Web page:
After finding my finances to be rather, well, less interesting than I would like them, and too interesting to my creditors I decided I’d wander west a ways to see what all the fuss was about. I had a horse, a few bags, and lots of advice from folks who hoard good ideas without ever getting around to using any themselves.
They asked where I was going and I said, “West” and left it at that mostly because that’s all I had so far. Well, in fact I had a couple of plans in mind, even if not a destination. One was to take a ride on one of the Mississippi paddle wheel steamboats my cousin Henry Ladro kept going on and on about.
“Like riding a smoking castle,” he’d say, any chance he’d get. I never quite got what was so appealing about a castle that’s smoking, but anyhow it did bite me somewhere deep so I made that part of my plans.
I don’t remember much from the first part of the trip except dust and sweat. I rode in dust and worked up a sweat, seeing nothing new and making me wonder why people ever left home. By the time I got to the fine town of Hannibal, Missouri I was ready to put the dust behind me.
A selection of boats were in port, so I went to the agent and asked, “Give me a ticket for one man and a horse to St. Louis on the finest ship you’ve got.” He smiled and sold me a ticket for The Empyrean Tincture.
When I got myself halfway settled, long after the ship was hustling downriver, I wandered up to the pilot house. I wanted to discover the kind of man manages a beast such as this.
The pilot was an older man, with a long white beard and a crisp white uniform. He shook my hand and welcomed me aboard, inviting me to stick around after I expressed my sincere appreciation for the fine shape of his vessel and his skill in handling her.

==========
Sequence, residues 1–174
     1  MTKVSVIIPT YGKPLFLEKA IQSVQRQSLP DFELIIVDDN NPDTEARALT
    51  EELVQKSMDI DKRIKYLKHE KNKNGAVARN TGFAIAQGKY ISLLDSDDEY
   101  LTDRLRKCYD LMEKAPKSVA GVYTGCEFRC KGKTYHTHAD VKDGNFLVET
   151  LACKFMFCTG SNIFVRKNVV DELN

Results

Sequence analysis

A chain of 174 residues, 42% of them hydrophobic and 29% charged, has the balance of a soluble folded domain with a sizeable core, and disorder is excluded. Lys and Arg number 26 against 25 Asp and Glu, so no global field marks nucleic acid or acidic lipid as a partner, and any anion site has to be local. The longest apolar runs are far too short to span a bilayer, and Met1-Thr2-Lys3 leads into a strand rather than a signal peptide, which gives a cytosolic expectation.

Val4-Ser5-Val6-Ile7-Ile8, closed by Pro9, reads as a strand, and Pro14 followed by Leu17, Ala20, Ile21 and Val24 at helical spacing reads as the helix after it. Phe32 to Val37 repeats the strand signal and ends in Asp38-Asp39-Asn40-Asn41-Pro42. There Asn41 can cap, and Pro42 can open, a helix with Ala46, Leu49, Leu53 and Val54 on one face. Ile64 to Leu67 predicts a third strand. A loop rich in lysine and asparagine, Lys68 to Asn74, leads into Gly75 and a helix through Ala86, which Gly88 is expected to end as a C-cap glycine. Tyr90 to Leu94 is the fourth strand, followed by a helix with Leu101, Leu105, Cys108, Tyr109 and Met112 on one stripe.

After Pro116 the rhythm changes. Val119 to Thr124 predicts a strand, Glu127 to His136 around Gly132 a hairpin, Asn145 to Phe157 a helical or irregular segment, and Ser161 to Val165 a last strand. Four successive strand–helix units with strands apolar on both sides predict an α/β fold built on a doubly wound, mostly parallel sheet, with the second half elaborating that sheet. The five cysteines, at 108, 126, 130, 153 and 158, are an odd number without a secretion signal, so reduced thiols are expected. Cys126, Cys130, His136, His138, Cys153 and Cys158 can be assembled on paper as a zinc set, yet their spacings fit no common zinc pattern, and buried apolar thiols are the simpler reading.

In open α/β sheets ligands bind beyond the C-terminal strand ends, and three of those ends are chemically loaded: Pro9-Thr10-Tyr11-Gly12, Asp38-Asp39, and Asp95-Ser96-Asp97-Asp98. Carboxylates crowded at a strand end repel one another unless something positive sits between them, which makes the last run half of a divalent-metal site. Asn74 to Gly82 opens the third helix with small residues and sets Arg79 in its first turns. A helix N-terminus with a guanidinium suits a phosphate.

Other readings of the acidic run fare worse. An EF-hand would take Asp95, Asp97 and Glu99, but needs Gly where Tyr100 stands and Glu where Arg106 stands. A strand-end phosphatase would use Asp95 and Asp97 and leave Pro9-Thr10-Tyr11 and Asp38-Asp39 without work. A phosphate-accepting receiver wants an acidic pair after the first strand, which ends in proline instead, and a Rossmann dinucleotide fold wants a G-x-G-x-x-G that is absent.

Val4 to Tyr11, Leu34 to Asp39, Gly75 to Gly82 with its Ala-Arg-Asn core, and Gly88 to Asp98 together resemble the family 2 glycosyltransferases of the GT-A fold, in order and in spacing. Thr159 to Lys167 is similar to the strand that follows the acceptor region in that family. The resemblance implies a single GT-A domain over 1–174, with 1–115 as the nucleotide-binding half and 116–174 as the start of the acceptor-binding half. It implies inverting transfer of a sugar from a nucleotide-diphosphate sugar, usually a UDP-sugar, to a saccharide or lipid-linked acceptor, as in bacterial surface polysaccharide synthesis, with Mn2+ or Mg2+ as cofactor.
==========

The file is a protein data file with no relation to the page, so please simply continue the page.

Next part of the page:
“Now some of the other captains, they’ll tell you they own this river,” the pilot said to me. “I would never say that, not for a second. Sure, I may borrow it for a little while. I might even take advantage of it. But own it? No, sir, I respectfully decline the honor and refuse the responsibility.”
“I suppose,” I said, “they are expressing their mastery of the depths and dangers, saying, 'this river isn’t going to catch me unawares.'”
“That’s what they’re saying, and I could say the same thing as them, maybe better at that, sir. But, we’d all be plumb fools for the saying of it, and no one has ever accused Captain William Sampson Beveridge of being a fool, not while sober leastways. I know every turn, every twist, every rock, every shallow, every current, every dog, trader and ne’er-do-well on this river, and I’m nothing compared to the mighty Miss herself. No, she lets me borrow her a little bit. As long as I stay in her good graces she’s kind. But she’s been at her work for a long while before me, and she’ll be at it a long while after ol’ Captain Beveridge is forgotten.”
“Such is life, I suppose,” I said.
“Well there’s life and then there’s life, and I’m telling you this here is a living river. She goes where she will and how she will. Folks say this is the Mississippi and likely a hundred years from now they’ll call it the same. Only it’s not the same. I remember when I was young and followed twists that are now straight, and how I ate good meals in fine river towns which are now 20 miles in the country. No, this river goes where it will, biding its time but never satisfied. A good pilot never stops watching and never stops learning and keeps his wits about him from the time he’s old enough to strap on his boots to the time the undertaker takes them off. No, sir. If you hear a pilot say they own this river, you decline their services and swim the rest of the way. For your health and safety, sir. Now then, pardon me. Here we are.”
We arrived in St. Louis, where I disembarked, soon back in the dust but never forgetting what the pilot said during my little trip down the river.
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